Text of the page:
that intellectual greatness is "beset with mental and moral infirmity," or that genius is merely an expression of a morbid mind, akin to madness.
Imagination gives to genius—which is the intellectual scout of progress, and the Titan force which organizes the factors of civilization—a realm wherein the soul throbs and burns with the fervor which comes only when a new truth cleaves the darkness and illumines a pathway hitherto unrevealed; and where the clash and turmoil of cerebral action excite the highest pleasure, though at the same time they often weary and exhaust.
In this century, when the fierce blaze of modem thought has filled the world with unparalleled glory, and the inventive genius of man has made the earth a vast workshop of industrial arts, wherein the human brain is "master-workman" over all, how rare is it that the brain-worker feels the oppression of a "mind diseased," except when, like the wage-worker, he frets and worries under the burdens of a weary life, and falls by the wayside because the struggle for existence—keen, sharp, and relentless—has taken from him the inspiration, the strength of hope!
Mental stagnation, personal or domestic sorrow, social inthrallment, religious excitement, crushed hopes, and poverty, are the chief moral causes which contribute so largely to the mental infirmities of man.
In conclusion, I hesitate not to say that the most illustrious names of ancient or modern times—in all departments of human thought or activity—have been, with but few exceptions, loyal to the sovereign rule of sane reason; and the sweep of their imagination has been in curves which rounded in the bright empyrean of truth and beauty.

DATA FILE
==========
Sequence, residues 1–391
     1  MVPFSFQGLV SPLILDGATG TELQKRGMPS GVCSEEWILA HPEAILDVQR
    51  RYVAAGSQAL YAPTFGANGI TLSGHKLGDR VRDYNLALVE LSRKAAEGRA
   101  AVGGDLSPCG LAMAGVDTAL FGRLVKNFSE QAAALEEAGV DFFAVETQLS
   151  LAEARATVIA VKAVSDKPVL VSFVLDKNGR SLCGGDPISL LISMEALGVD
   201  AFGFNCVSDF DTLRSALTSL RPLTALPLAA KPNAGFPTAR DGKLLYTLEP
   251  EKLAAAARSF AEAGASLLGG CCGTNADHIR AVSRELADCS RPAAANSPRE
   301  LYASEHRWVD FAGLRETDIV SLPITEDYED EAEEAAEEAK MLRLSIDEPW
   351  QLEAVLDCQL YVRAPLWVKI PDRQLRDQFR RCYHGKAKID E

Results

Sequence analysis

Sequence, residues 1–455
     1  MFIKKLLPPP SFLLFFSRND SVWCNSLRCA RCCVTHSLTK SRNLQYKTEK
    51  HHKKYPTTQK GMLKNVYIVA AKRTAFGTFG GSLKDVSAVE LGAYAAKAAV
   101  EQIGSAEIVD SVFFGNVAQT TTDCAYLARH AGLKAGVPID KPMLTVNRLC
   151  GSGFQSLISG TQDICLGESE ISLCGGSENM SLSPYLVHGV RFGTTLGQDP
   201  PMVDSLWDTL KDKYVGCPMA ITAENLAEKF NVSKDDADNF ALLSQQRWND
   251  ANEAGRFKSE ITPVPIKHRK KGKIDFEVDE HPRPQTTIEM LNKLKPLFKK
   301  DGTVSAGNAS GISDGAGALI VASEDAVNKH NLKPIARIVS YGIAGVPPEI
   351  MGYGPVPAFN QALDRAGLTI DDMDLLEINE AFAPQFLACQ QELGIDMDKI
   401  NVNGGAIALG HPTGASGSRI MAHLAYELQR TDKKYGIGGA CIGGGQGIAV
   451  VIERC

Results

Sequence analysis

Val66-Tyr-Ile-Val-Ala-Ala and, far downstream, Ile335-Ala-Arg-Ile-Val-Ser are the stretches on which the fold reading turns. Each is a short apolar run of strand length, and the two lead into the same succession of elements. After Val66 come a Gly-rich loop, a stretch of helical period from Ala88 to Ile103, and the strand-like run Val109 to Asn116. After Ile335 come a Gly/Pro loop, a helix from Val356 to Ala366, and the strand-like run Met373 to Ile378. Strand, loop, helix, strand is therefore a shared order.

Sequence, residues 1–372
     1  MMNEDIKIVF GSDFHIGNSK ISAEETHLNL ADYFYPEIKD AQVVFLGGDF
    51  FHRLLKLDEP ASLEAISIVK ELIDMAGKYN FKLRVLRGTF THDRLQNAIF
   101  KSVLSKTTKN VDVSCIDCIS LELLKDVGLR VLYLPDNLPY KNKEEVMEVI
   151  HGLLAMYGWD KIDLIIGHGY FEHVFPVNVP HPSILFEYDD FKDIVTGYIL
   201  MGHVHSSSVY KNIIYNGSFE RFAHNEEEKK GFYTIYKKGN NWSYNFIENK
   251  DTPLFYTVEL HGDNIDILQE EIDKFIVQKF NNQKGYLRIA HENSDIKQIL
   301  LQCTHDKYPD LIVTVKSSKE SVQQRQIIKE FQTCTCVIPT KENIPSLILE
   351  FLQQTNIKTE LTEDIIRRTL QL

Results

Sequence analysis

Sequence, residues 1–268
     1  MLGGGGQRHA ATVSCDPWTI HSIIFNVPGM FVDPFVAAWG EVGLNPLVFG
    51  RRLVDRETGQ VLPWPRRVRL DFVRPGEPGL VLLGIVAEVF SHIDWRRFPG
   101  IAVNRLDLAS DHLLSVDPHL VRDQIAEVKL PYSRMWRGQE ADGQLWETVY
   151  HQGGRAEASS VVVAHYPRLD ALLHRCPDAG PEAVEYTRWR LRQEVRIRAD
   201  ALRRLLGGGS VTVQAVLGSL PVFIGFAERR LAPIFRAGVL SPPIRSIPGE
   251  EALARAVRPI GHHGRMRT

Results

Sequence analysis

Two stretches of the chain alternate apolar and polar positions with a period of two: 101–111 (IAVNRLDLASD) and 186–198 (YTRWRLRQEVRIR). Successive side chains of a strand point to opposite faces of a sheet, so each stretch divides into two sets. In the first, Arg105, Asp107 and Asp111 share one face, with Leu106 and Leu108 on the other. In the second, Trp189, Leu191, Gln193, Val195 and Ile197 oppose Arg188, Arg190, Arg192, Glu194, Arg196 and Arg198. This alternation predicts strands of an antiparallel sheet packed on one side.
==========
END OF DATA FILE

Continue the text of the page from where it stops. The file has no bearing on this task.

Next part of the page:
IF we examine the bright bow of Iris painted on the heavens by the sunbeams that break through the parting storm-clouds, no matter how closely we may scan it, we shall not be able to determine where the colors begin or end. As in this arch the blue gradually passes over into a green, and the green in turn changes insensibly into a yellow, even thus we find, in the countless forms in which Nature delights, the most delicate gradations, the most gradual transitions. Natura non facit saltus: this saying of Linné's is realized everywhere in the ever-changeful realm of life.
How difficult a matter it is to decide whether the lung-fish of Brazil and Senegambia belong to the amphibia or to the fishes, which in other instances are known to always breathe by their gills! In the rainless season of the year the swamps, the homes of these animals, dry